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Seattle Scalability - GigaSpaces / Cassandra


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Seattle Scalability meetup 12/7/11

Cassandra test cases added 12-15-11 permission Expedia.

Published in: Technology, Business

Seattle Scalability - GigaSpaces / Cassandra

  1. 1. Seattle Monthly Hadoop / Scalability / NoSQLMeetup DeWayne Flippi, Giga SpacesB. Todd Burruss, Expedia (Cassandra)
  2. 2. Agenda• Lightning talks / community announcements• Main session• Bier @ Feierabend - 422 Yale Ave North• Hashtags #Seattle #Hadoop
  3. 3. GigaSpaces:• DeWaynes talk will cover the joining of a real- time service/data fabric with NOSQL big data to create a complete linearly scalable solution supporting analytics, complex event processing, and reporting in both real-time and batch domains.
  4. 4. Expedia (Cassandra):• Todds session: Expedia needs the ability to search by price in a fast and efficient manner. Prices are complex objects containing base rate, taxes, fees, etc which means a calculation is required to determine the customer price. This makes searching by price difficult. What to do?
  5. 5. Building An Elastic Real Time NoSQL Platform Creating a platform for unlimited elastic computation power and storage
  6. 6. Motivation• Complete elastic solution stack• Applications that need massive “strategic” storage (disk-based NoSQL) and a real time (“tactical”) component• Horizontally and vertically scalable• Highly available• Self healing• Fault tolerant: suitable for commodity h/w strategy• Simplified management and monitoring, vs conventional, multi-product solutions® Copyright 2011 GigaspacesLtd. All Rights Reserved
  7. 7. What Is Real-Time?• In this context, means “really fast”.• Reads as low as 5 μs and typically under 1 ms for a fully replicated write. Source:® Copyright 2011 GigaspacesLtd. All Rights Reserved
  8. 8. Two Layer Approach• Advantage: Minimal Raw Event Stream Raw Event Stream Raw Event Stream ts ents “impedance mismatch” en Real Time Ev Real Time Ev between layers. – Both NoSQL cluster technologies, with similar advantages SCALE• Grid layer serves as an in Reporting Engine In Memory Compute Cluster memory cache for interactive Raw And Derived Events requests.• Grid layer serves as a real time ... SCALE computation fabric for CEP, and NoSQL Cluster limited ( to allocated memory) real time map/reduce capability. ® Copyright 2011 Gigaspaces Ltd. All Rights Reserved
  9. 9. Two Layer Approach (continued)• Grid layer doing CEP can act as a filter, as many raw events get converted to semantic/business events, reducing meaningless data verbosity• Grid layer provides scalable messaging• NoSQL layer provides unlimited cheap storage on commodity hardware• NoSQL layer provides virtually unlimited scale processing power® Copyright 2011 GigaspacesLtd. All Rights Reserved
  10. 10. Basics Of In Memory DataGrid Technology • An In Memory Data Grid (IMDG) is a data store • Grid just means “cluster” • Data can be partitioned across cluster nodes • Processing power near data storage • Distributed hash table • Application optimized data model denormalization • Nodes are typically configured with one or more replicas (sound familiar yet)? • Not a “cache”: a system of record, but can be used as a cache, or both® Copyright 2011 GigaspacesLtd. All Rights Reserved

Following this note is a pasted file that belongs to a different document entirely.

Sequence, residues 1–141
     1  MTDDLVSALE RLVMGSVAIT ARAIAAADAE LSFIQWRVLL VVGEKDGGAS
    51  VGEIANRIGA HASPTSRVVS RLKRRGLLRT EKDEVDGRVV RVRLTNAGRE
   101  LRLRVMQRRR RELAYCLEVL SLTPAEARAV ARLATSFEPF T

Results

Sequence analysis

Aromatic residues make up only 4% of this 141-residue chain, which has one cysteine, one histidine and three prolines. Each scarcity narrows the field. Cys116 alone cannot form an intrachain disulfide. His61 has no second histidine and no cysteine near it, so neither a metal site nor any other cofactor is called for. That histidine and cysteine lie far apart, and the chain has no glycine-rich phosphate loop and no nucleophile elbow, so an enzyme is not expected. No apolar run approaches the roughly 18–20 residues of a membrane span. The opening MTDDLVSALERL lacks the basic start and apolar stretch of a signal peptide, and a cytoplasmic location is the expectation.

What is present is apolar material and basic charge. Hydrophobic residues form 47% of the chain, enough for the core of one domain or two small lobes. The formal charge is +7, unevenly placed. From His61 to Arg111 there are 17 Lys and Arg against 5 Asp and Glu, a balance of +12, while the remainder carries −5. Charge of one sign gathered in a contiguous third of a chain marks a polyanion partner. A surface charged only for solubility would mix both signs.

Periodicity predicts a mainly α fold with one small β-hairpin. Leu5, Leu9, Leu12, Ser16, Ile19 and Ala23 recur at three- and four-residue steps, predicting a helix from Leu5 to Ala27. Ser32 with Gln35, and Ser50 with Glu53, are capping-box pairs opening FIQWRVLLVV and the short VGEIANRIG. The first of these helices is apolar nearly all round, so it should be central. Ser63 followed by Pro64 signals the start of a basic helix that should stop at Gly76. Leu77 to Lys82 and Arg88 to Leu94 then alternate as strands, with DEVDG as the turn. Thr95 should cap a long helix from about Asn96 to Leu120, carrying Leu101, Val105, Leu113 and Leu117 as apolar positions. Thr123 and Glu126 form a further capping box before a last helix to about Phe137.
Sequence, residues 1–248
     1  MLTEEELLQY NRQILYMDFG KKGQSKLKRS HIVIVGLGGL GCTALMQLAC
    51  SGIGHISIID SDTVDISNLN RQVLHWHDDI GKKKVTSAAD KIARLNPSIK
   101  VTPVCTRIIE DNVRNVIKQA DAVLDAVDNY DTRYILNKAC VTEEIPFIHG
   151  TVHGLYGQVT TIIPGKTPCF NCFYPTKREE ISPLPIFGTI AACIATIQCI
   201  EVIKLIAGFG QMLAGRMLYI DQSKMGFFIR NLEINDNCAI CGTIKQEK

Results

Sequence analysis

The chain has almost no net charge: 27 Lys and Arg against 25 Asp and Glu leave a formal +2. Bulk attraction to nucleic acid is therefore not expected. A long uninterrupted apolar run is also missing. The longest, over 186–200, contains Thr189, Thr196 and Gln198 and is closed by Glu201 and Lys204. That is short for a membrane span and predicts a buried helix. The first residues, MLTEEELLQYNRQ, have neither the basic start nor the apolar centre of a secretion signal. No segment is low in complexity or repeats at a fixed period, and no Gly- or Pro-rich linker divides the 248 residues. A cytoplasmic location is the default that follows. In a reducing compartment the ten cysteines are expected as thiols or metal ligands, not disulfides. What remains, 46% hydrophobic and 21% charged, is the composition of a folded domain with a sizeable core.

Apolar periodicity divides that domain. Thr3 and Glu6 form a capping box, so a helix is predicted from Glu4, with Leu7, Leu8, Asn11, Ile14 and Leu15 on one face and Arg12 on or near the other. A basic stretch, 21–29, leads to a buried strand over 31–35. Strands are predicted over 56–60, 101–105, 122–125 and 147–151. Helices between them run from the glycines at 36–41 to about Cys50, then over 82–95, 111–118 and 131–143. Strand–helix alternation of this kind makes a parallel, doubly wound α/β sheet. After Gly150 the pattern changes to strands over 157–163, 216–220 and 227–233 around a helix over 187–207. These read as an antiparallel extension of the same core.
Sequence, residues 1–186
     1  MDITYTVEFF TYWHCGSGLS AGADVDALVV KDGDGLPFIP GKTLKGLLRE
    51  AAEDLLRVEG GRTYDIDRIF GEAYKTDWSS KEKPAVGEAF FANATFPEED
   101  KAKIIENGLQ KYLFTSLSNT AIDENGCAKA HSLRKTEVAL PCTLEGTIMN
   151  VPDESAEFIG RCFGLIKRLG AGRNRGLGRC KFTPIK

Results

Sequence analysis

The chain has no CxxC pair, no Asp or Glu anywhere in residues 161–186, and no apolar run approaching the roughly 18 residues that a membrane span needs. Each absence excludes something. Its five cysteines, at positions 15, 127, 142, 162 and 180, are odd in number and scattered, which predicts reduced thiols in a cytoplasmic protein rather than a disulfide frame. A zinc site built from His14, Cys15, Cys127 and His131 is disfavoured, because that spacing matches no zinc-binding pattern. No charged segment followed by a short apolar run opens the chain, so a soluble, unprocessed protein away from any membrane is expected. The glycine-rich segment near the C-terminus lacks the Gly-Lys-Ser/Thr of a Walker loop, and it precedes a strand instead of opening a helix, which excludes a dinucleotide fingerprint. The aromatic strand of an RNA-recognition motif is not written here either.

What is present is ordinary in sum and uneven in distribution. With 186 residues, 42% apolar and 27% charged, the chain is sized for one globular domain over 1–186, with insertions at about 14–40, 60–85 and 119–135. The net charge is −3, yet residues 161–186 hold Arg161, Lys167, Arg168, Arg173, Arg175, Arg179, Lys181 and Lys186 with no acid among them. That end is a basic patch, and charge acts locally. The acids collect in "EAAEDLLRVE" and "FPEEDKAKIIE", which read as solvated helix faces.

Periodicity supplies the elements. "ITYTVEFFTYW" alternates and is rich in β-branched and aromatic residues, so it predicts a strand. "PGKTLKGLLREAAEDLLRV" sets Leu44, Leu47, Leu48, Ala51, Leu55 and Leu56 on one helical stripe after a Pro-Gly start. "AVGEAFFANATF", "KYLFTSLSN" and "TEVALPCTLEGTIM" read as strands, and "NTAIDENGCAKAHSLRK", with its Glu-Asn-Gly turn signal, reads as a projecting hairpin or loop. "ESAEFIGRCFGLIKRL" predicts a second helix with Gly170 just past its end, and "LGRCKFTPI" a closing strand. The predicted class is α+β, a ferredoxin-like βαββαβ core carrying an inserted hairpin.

11. 11. Advanced Capabilities• Business logic (code) co-resident with data shards• Scalable messaging• Dynamic code execution across cluster• Multi-language support• Object-oriented• Document-oriented/schema free• Multi-level indexing• SQL Queries• Full ACID transaction support• Elastic scaling (automatic and manual)• Write-behind persistence® Copyright 2011 GigaspacesLtd. All Rights Reserved
  12. 12. Features: IMDG vs NoSQL Disk Based Data Grid NoSQL Low Latency Eventual/Tunable Horizontally Scalable Consistency Code co-location Service remoting Parallel Execution Unlimited scale Fault Tolerant Cloud enabled Hadoop toolsTransactional Highly Available Elastic Messaging Platform Independent Complex Event Processing Flexible Schema ® Copyright 2011 Gigaspaces Ltd. All Rights Reserved
  13. 13. Vive La Difference• The IMDG compliments a NoSQL store: – Can serve as a short term request cache (side cache or inline) – Can serve as a cache for MR results – Enables event driven architectures / CEP – In memory map/reduce – Very fast writes, regardless of NoSQL store – Transactional layer: can essentially turn “eventual” consistency into pure transactional persistency without a performance hit – Highly available and independently scalable® Copyright 2011 GigaspacesLtd. All Rights Reserved
  14. 14. A Complete Scalable Application Platform Raw Event Stream Raw Event Stream Raw Event Stream ts vents n Real Time Eve Real Time E SCALE Reporting Engine In Memory Compute Cluster Raw And Derived Events ... SCALE NoSQL Cluster® Copyright 2011 GigaspacesLtd. All Rights Reserved
  15. 15. Key Implementation Issues• Grid must support reliable asynchronous persistence – If not reliable: in-flight data is at risk. Ideally tunable to accommodate differing risk tolerance. – If not asynchronous: too slow – If not persistent: obviously nothing gets send to disk• To do more than a distributed cache, grid must support code and data partitioning – Ideally, code is collocated in memory with data partition – Needed to support CEP, application, and service remoting capabilities® Copyright 2011 GigaspacesLtd. All Rights Reserved
  16. 16. Key Implementation Issues• Grid ideally supports FIFO entry ordering – Key to using grid as a queue – Key to scaling messaging without an additional tier – Combined with co-located business logic, operates at memory speeds• Write speed on the NoSQLlayer – Grid is, in effect, queuing entries to the NoSQL layer – If the NoSQL layer cannot keep up, in memory grid backs up – This behavior is an asset, unless an unanticipated, sustained flood occurs. – The faster the write speed the better® Copyright 2011 GigaspacesLtd. All Rights Reserved
  17. 17. Use Case 1 – Event Cloud• Complex event processing Collect events in real time Transform into decision factors •Interactions •Good customer •Orders •Pays 3-6 days early •Bills •Decreasing usage •Payments •Missed payment •Activations •Unusual bill •… •App usage  Original events, possibly scrubbed or annotated, are passed through  Business logic derived “synthetic events” constructed from raw event stream. Possible rule engine integration(e.g. Drools).  Derived events and analytics passed on to NoSQL layer  Other events forwarded to external listeners, systems® Copyright 2011 GigaspacesLtd. All Rights Reserved